Steel manufacturer ArcelorMittal (NYSE:MT) has finally agreed to raise wages for miners working at its mine in Temirtau, Kazakhstan.  Additionally, the subdued environment in the steel demand in Brazil has forced ArcelorMittal to suspend its $1.5 billion expansion of its long carbon steel and flat carbon steel facilities in Brazil 
Our price estimate for ArcelorMittal stands at $22, implying a premium of about 50% to the current market price.
- Why Brexit Will Not Significantly Impact Iron Ore Prices
- Why We’re Revising Our Price Estimate For ArcelorMittal To $5
- How Big Is ArcelorMittal In The Global Steel Industry?
- What Is The Potential Impact Of ArcelorMittal’s Recent Transactions Aimed At Debt Reduction?
- ArcelorMittal’s Q1 2016 Earnings Review: Improved Performance Of NAFTA Division Drives Improvement In Results Amidst Challenging Business Conditions
- ArcelorMittal’s Q1 2016 Earnings Preview: Cost Reduction Initiatives To Offset Impact Of Competition From Imported Steels On Earnings
ArcelorMittal Temirtau, ArcelorMittal’s arm in Kazakhstan has finally planned to raise wages for its miners to meet inflationary needs in the country. This happened in response to a rally held in Temirtau city by miners to raise wages. The rise in wages could be in the range of 7-8% of the present levels. This will have an impact on EBITDA margin for ArcelorMittal Mining division as employee expenses will rise. The margins in mining are usually impacted by primarily two factors – pricing pressure due to oversupply and rising labor and energy costs. The company’s worries are exacerbating as the former factor is also going against it. Steel and iron ore shipments have dropped as the export markets are gloomy amid crisis in Europe. As a result, ArcelorMittal is facing depressed steel product pricing due to stiff competition.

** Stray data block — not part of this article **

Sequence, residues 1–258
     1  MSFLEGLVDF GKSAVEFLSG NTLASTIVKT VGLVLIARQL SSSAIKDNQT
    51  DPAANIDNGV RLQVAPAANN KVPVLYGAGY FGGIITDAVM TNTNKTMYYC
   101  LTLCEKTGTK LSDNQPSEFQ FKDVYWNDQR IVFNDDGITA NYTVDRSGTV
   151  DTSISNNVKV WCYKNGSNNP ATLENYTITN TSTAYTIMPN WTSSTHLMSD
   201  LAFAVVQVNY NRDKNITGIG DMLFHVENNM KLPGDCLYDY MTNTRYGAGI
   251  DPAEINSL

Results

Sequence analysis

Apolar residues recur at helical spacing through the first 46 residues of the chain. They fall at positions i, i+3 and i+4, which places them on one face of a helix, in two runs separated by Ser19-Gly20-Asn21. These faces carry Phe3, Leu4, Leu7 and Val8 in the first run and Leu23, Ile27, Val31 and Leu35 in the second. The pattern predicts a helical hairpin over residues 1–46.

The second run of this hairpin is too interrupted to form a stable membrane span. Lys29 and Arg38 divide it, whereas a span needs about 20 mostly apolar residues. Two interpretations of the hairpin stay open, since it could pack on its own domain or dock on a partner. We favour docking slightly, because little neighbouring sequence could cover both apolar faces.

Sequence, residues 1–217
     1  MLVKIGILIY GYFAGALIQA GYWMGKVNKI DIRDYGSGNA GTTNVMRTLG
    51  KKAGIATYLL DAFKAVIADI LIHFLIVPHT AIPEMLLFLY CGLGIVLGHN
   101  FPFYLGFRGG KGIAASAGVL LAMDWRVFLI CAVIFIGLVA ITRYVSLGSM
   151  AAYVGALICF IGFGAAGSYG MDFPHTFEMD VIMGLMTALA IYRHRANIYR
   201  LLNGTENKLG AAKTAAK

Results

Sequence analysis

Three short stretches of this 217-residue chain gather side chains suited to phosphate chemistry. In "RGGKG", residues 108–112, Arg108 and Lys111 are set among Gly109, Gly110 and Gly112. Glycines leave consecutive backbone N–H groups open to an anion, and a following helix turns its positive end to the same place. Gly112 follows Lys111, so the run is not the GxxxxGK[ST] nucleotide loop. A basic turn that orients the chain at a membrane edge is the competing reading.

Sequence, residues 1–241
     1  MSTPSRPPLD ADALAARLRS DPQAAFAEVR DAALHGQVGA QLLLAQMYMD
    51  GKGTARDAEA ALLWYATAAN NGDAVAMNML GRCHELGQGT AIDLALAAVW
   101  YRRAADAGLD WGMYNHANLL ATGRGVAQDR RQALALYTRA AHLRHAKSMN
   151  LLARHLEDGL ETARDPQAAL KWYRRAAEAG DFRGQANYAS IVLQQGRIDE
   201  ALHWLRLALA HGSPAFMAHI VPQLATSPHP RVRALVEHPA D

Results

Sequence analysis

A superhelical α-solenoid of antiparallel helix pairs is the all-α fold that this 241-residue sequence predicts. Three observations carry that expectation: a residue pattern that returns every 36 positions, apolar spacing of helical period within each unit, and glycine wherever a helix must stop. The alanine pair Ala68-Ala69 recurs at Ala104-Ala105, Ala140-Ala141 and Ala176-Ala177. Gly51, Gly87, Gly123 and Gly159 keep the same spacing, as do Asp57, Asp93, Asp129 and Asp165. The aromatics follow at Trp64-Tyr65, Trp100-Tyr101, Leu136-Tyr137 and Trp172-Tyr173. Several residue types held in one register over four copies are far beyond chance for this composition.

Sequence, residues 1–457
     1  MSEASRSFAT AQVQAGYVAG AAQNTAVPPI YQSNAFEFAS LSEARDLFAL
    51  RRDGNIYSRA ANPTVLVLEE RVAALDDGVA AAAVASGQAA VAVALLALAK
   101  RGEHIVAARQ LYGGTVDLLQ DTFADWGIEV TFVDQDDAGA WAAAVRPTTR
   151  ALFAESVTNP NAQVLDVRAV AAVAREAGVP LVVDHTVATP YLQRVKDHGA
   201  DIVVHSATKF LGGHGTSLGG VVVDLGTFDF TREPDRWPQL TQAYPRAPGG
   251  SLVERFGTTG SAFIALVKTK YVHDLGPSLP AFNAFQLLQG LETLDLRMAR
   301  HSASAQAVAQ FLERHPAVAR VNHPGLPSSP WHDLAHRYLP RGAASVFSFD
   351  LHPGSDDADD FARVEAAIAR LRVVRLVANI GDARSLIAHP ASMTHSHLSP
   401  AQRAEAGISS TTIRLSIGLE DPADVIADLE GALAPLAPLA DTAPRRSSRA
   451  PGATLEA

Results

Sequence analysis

Deferred Brazil Expansion
ArcelorMittal Brasil, the Brazilian unit of ArcelorMittal, has deferred a $1.5 billion expansion plan in the country as it encountered lack of demand. The plan included $1.2 billion long carbon steel expansion in Monlevade and a $300 million flat carbon steel expansion in Vega do Sul. This will impact two separate divisions of ArcelorMittal – Long Carbon Steel Americas and Europe & Flat Carbon Steel Americas, which will face delay in future capacity addition as against what was anticipated.Notes: